“I was deeply moved by the so tenuous border between fiction and documentary…” says Belgian writer and filmmaker Isabelle Martin in our interview about her sources of inspiration.
Who are you?
I’m a Belgian writer and filmmaker.
What do you do?
I make films and videos (“I go on dancing before you”, 1998, “But suppose…”, 1999, “The cardboard house”, 2000, “No longer loving snow”, 2004, “Tall on my own”, 2005, “Crying in our cars”, 2010).
I have written a series of audio portraits (“What should be but isn’t”, published by Brandes Editions in 2006), done sound installations and performances (“Alice, or Aloïs”, 2007, “Spooning out ash ’ from spaghetti plates”, Shunt, London, 2008).
Writing is at the core of my work. A writing which takes different forms, and expresses itself through several artistic disciplines: film and video, performance and sound work focusing on the voice, text.
Currently, I devote myself mainly to filmmaking.
I also teach Visual Narration at the Ecole de Recherche Graphique of Brussels.
What are your influences?
I would rather speak about sources of inspiration than about direct and aware influences…
What is funny, is that the kind of films I make, is not necessarily the one that inspires me. In fact, I am very inspired by feature films, probably more than by ‘experimental’ cinema. Not necessarily by an entire movie, but by scenes, images, sounds, a replica, a glance, one of the characters’ way of walking…
Can you mention some specific art works that inspired you?
“A Woman Under the Influence” by Cassavetes :-), “Shara” by Noami Kawase, “Sue” by Amos Kollek, “Rois et Reine” by Arnaud Desplechin… The films of Bergman (“Cries and Whispers”…), Antonioni (“La Notte”) and Pialat…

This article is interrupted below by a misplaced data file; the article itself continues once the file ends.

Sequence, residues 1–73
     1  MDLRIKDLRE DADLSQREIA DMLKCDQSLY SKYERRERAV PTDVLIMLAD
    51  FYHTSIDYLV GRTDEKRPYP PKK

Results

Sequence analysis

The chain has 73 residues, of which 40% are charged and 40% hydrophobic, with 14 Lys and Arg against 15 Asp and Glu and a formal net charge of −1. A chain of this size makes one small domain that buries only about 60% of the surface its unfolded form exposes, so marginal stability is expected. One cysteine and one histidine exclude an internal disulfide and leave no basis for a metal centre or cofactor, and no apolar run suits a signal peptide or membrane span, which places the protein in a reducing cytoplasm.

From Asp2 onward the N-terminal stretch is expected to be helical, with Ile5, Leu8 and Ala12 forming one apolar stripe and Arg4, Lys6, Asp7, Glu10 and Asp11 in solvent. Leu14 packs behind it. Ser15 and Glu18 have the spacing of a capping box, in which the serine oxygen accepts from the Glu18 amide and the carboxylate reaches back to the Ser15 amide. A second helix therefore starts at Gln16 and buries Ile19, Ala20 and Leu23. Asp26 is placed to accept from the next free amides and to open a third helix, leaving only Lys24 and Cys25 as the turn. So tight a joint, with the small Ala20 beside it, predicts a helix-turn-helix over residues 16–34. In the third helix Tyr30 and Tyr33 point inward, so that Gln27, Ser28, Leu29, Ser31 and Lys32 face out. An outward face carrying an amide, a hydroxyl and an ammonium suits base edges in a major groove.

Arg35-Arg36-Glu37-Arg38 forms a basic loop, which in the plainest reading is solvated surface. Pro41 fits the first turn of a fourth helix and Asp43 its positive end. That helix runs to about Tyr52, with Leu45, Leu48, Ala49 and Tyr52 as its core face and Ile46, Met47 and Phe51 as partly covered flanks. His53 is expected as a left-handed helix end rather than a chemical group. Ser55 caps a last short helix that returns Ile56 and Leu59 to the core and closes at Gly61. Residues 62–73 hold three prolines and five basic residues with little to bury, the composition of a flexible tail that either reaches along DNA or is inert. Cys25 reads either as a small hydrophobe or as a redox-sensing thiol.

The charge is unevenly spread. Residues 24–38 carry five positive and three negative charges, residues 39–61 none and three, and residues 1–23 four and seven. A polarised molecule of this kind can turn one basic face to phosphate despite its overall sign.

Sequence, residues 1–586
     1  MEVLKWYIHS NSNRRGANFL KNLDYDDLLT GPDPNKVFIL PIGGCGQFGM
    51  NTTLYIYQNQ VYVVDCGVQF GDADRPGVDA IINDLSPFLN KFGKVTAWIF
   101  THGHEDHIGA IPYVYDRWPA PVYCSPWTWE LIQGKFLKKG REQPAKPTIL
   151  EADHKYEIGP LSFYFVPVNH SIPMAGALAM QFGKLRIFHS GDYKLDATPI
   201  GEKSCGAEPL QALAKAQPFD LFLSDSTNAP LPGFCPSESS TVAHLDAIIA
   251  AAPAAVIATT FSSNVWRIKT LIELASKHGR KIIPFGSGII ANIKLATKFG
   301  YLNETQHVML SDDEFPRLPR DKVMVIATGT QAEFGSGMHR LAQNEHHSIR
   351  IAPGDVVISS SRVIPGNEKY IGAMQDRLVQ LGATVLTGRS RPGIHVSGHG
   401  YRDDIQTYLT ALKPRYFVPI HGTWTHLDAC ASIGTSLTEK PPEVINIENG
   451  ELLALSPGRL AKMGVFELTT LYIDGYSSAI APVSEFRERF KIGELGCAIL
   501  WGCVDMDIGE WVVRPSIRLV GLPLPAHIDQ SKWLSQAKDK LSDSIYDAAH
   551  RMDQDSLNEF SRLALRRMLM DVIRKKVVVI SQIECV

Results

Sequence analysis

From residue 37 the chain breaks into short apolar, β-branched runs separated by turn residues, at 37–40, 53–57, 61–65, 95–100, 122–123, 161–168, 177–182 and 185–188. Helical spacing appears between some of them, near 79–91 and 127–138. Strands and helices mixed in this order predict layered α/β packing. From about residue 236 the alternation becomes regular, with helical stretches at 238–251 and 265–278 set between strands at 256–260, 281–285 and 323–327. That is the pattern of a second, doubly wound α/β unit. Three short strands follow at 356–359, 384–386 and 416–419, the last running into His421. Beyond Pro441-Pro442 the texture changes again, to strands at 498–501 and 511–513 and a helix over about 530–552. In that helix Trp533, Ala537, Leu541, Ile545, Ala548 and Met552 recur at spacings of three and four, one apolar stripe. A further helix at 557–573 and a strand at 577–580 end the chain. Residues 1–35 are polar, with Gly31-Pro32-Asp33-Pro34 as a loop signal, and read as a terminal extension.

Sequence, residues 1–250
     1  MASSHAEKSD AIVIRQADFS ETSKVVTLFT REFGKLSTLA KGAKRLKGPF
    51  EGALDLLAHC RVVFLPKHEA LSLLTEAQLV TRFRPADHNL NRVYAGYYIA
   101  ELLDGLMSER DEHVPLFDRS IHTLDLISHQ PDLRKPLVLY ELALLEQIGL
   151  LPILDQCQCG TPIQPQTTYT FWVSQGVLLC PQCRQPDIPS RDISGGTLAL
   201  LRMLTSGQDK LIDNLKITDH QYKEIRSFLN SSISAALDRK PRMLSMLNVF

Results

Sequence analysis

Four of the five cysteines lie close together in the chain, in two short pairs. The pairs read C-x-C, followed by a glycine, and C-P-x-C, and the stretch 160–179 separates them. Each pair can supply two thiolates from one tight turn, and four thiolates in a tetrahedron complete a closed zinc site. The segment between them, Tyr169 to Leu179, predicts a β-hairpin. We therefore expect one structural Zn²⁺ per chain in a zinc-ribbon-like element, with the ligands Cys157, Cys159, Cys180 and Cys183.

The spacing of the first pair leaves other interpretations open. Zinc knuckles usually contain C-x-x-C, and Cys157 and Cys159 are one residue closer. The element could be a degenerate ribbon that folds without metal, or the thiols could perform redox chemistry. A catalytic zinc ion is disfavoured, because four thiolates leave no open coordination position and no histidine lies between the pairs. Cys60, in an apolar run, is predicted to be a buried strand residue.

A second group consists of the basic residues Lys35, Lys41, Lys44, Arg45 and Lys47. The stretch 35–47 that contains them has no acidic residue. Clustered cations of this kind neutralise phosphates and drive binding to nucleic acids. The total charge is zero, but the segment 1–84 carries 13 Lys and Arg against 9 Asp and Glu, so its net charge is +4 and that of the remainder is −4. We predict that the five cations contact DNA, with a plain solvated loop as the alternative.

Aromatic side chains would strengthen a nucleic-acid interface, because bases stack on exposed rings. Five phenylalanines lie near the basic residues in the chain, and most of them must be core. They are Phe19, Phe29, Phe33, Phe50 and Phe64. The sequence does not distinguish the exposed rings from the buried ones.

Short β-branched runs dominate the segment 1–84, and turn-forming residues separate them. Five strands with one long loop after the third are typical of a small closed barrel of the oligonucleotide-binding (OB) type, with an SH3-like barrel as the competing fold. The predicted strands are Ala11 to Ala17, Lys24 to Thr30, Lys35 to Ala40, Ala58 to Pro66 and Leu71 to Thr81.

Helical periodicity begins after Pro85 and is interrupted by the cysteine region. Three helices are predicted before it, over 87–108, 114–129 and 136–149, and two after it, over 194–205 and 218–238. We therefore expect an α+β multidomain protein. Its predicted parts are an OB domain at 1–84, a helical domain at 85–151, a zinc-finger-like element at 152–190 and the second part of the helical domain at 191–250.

I was deeply moved by the so tenuous border between fiction and documentary which exists in Pialat’s movies (in particular in “The Garçu”); it is something I would dream to achieve in my own films.
Recently, I saw the gorgeous and hilarious “Brutti, sporchi e cattivi” by Ettore Scola again. I was particularly impressed by the way he stages and films groups of people moving; I found it extremely choreographic.
Dance nourishes me a lot. I have a particular admiration for the work of Pina Bausch.
Paintings are also a great source of inspiration for both my writing and my filmmaking. For the light of my film “Crying in our cars,” I observed Hammershøi’s (Danish painter, late 19th – early 20th) empty apartment interiors.
Do you think about these influences from other artists in your daily work? Do you try to incorporate them in your work?
No, as I said, most of the time, they are more indirect sources of inspiration, rather than voluntary incorporations. They are rather works of art which suddenly resound in me and renew my inspiration, my desire to create, inject me a little of life…
About Isabelle Martin
After studying Visual Narration at the Ecole de Recherche Graphique in Brussels (1996 – 2000), Isabelle Martin (Brussels, 1978) entered the Insas in film directing (2002 – 2006). Her films have been screened at various festivals and exhibited in several galleries, both in Belgium and abroad.
In 2001, she was awarded the Belgian Médiatine Prize, as well as a video prize in Caen. Her sound work has been distinguished at the Brest Radio and Listening Festival, where she was awarded the first prize for radio fiction.
After devoting several years to writing, she returned to film directing with Crying in our cars, a film about finding a place to cry.
“Crying in our cars”, Isabelle Martin, 2010.